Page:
Directed by: Jason Woliner
Premise: A sequel to the 2006 film. Kazakh television journalist Borat Sagdiyev (Sacha Baron Cohen) returns to the United States on a mission to deliver a gift to Vice President Mike Pence on behalf of the Kazakhstan government.
What Works: Sacha Baron Cohen’s improvisational performance art should have been a one-joke wonder but Cohen has managed to keep his shtick alive by creating multiple characters like Ali G. and Bruno and by waiting long enough between projects to keep the material fresh. Borat: Subsequent Moviefilm comes fourteen years after the original film and the sequel is just as funny as its predecessor. Like the 2006 picture, Subsequent Moviefilm combines improvised public setups with scripted moments and the humor mixes sexual and gross out gags with political satire. Subsequent Moviefilm delivers for viewers who enjoy lewd humor but the satire is also much sharper in this sequel. The first film was, at least partially, about antisemitism while the new film is about misogyny. The sequel hits its target more consistently and more subversively than the 2006 picture. The satire of the first film was muted, and in some ways hobbled, by its thin narrative which was a random collection of stunts. The story of Subsequent Moviefilm is more pronounced and focuses on Borat’s relationship with his daughter Tutar, played by Maria Bakalova. This relationship is the center of the movie and it allows Subsequent Moviefilm to maintain the disarming earnestness that made Borat and the first film so enjoyable even when he and it were awful. Bakalova is the real star of Subsequent Moviefilm. She proves to be Cohen’s comic match and she gets many of the best moments in the picture.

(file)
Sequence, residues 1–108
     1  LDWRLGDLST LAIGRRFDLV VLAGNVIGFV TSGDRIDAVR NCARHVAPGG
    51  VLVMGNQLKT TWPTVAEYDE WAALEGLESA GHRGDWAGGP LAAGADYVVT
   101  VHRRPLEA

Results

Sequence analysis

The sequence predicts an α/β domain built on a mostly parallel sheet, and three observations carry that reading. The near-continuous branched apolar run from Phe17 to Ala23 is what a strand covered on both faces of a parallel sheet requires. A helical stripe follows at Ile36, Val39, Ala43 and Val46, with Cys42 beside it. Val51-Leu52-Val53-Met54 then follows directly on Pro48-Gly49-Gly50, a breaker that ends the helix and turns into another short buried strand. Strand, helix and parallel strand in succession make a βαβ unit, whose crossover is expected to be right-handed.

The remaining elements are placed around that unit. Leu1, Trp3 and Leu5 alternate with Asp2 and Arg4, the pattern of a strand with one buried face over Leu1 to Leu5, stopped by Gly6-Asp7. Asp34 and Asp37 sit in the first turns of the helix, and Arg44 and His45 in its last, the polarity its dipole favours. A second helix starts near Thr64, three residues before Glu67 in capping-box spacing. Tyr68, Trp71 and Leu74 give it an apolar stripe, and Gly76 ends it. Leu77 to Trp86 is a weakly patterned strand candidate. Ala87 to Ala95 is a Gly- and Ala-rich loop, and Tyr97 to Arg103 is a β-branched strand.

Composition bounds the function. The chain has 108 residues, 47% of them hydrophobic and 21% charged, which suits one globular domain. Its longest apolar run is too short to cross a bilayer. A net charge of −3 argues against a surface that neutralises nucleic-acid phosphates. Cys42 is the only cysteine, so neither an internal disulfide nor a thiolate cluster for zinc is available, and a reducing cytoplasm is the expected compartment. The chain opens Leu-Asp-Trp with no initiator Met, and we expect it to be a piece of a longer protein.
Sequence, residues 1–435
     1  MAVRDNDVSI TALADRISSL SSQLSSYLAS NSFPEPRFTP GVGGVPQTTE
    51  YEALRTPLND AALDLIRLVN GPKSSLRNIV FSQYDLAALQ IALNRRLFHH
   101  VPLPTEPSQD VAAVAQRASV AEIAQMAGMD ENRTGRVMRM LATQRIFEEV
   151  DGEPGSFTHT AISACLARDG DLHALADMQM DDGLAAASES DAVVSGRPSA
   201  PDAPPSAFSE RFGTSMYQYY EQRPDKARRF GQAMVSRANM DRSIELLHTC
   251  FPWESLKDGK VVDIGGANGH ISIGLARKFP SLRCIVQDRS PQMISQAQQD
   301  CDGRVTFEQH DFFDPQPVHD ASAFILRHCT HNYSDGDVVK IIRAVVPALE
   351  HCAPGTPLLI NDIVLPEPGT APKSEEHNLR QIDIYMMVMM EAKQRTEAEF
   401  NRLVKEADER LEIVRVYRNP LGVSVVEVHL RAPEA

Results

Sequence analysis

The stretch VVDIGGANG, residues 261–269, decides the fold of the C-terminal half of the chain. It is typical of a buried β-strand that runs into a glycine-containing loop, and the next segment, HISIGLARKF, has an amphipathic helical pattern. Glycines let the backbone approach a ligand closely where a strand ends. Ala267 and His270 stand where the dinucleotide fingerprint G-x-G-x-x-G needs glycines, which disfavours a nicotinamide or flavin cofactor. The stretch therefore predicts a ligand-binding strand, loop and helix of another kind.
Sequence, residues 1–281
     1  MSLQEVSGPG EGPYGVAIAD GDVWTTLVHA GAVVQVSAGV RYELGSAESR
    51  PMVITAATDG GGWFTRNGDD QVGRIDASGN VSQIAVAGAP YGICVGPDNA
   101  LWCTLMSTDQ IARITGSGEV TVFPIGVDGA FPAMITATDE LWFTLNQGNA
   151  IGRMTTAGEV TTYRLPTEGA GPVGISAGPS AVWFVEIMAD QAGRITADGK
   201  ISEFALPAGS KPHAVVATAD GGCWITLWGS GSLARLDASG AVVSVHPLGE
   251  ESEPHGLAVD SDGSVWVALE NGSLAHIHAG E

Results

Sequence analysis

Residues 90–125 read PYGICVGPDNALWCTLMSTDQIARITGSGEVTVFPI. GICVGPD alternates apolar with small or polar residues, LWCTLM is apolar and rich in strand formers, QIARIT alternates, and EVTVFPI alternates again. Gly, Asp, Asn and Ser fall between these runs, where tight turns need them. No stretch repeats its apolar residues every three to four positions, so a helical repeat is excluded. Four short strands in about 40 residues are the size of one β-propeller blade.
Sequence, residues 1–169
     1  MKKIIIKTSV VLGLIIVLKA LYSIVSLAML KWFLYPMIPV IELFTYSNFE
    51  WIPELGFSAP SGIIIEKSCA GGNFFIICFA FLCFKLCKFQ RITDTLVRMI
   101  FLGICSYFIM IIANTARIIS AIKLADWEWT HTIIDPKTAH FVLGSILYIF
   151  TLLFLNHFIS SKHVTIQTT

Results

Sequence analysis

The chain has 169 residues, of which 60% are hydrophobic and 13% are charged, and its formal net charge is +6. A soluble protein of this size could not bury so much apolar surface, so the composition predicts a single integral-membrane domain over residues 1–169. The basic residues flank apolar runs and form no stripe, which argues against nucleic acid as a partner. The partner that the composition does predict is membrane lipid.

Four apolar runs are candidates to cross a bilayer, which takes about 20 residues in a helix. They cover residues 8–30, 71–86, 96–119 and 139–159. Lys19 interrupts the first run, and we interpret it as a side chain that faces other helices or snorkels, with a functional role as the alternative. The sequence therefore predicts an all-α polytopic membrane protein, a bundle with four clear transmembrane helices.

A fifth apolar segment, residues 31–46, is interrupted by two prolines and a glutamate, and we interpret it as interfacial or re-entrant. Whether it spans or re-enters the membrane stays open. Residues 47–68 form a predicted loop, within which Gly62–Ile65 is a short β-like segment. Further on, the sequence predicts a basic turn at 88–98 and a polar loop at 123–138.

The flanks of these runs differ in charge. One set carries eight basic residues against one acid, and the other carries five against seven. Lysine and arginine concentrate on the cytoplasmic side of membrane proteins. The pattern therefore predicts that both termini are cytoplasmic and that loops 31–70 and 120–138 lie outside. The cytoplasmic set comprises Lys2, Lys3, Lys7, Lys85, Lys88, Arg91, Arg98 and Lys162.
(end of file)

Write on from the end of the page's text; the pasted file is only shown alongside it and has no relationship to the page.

What Doesn’t: The Borat sequel is not as tightly conceived as its predecessor. The 2006 film was a pseudo-documentary through and through and it rigidly maintained that illusion. The blending of scripted and improvised moments was seamless and part of the subversive fun of that picture. The sequel is much more scripted and some of the unscripted pranks don’t play as effectively this time around. Perhaps as a result of this shift, Sacha Baron Cohen’s performance slips in a few places. At times he is not consistent with the Borat character, especially in his voice, and the film sometimes plays like outtakes from his television series Who is America? in which Cohen played a variety of different characters in ambush interview setups.
DVD extras: Currently available on Amazon.
Bottom Line: Borat: Subsequent Moviefilm equals and in some ways surpasses its predecessor. The film is a bawdy comedy as well as a relevant political satire that makes its point while being very funny.
Episode: #829 (December 6, 2020)